The Fort Worth Museum of Science and History has a new learning space, where kids get some unusual playmates: scientists and researchers from the University of Texas at Arlington.
Museums in California, Massachusetts and New York already have partnerships that support academic research, but this is new for North Texas. It's no stodgy classroom, says Van Romans, president of the Fort Worth Museum of Science and History.
“You step inside our studios and they are alive, fun, and engaging,” Romans says. “And yet the information that will be gathered will be very serious and brought out of those studios and studied.”
One of those learning studios is called Imaginer. It's like a giant fish tank, the size of a small playground, where people can see what's going inside. But instead of water, it's filled with learning toys. There are magnets, colorful snap circuits and a larger than life Lite Brite. A big screen is a kaleidoscope. The back walls are painted magenta. The learning studio even looks out to a water park.
Marc Schwartz, director of UT Arlington's Southwest Center for Mind, Brain and Education, says that each Saturday, for the rest of the year, researchers, and guest scientists from other universities will set up 15-minute studies, inviting museum guests to participate and interact with things from the simple (a hammer) to more complex (a small robot).
“And you’ll see the signage on the ceiling are great quotes from wonderful thinkers,” Romans says. “For instance, Carl Sandburg – Nothing happens unless first we dream. To invent, you need a good imagination, and a pile of junk – Thomas Edison. So all of that creates a very informal [learning] environment.”
And that’s great for experiments, says Marc Schwartz, director of UT-Arlington’s Southwest Center for Mind, Brain and Education. He explains that each Saturday, for the rest of the year, researchers and guest scientists from other universities will set up 15-minute studies, inviting museum guests to participate and interact with items ranging from the simple (a hammer) to the complex (a small robot).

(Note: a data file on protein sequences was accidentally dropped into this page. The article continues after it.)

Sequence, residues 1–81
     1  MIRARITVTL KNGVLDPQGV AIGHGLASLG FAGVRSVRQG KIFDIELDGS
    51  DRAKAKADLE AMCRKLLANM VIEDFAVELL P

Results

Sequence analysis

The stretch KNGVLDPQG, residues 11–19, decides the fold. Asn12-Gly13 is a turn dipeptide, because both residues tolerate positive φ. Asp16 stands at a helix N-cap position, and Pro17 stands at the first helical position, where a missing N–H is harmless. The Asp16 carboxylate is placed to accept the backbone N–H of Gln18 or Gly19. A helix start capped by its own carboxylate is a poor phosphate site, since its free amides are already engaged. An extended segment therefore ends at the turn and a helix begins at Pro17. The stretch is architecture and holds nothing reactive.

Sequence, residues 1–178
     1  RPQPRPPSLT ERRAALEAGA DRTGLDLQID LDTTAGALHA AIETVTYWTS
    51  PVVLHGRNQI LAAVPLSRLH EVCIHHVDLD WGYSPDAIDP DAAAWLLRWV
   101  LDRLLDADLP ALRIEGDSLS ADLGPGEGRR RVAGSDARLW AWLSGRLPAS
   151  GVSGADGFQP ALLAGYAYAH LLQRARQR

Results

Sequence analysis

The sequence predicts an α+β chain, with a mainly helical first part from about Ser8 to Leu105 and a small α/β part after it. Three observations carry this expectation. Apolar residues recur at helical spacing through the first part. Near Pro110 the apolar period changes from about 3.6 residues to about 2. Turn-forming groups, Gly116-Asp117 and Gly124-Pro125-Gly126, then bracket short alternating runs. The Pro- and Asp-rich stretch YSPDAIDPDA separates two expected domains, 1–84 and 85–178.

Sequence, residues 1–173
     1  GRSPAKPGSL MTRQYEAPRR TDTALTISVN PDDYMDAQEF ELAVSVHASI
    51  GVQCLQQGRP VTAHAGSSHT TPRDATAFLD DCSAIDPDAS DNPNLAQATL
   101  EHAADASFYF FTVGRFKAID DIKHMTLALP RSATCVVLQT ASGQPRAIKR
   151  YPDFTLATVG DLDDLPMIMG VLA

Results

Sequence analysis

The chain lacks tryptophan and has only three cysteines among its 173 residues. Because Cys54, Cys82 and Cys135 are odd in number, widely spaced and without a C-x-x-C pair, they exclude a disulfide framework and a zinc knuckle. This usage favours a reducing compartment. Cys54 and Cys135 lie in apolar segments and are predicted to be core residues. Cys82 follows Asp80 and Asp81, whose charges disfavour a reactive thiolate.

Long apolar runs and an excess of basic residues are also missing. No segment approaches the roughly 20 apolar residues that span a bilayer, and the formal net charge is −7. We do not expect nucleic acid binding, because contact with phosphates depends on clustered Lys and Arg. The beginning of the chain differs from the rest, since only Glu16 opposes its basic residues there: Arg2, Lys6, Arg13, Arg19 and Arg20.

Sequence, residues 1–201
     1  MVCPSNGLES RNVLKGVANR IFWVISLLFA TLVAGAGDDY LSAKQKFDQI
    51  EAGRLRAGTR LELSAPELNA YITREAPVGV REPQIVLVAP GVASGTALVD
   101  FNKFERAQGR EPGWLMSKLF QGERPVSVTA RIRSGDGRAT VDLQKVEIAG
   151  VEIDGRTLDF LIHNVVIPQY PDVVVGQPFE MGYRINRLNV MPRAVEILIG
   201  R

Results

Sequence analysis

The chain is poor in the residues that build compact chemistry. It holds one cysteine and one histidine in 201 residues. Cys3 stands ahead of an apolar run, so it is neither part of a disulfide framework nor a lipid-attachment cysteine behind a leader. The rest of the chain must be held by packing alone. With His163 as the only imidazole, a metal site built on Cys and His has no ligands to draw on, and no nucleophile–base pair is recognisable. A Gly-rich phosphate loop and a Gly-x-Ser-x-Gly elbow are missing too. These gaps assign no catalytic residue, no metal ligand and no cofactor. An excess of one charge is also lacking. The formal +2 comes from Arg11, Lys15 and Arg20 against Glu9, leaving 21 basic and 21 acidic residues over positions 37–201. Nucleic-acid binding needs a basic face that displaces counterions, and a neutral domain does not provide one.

“We want to build a very positive relationship where the outcomes include people understanding science as a powerful tool,” Schwartz says. “We want to be more circumspect about the kinds of solutions that might be too easy or too quick.”
It’s not about using kids as guinea pigs, he says. It’s about how the mind works.
“We’re all part of this collective, and collaborative exercise,” he says. “Of advancing knowledge so it benefits all of us. So if you already mistrust science, then we have some work ahead of us.”
Michael Connell is CEO of Native Brain, a company that uses an iPad app to teach kids how to master math. He worked with students one recent Saturday at the museum’s new center. The goal is to create a space where all sorts of benefits can’t be anticipated, he says.
“The idea is definitely to create the opportunity for parents and kids, and teachers and researchers to come together and have interactions … that you don’t usually see,” he said.
Starting this Saturday, kids can visit the museum and play with Zeno, a toddler-sized grey robot that looks like a Japanese animation character. Zeno’s part of research by a UT-Arlington professor studying how to use robots in the treatment of children with autism.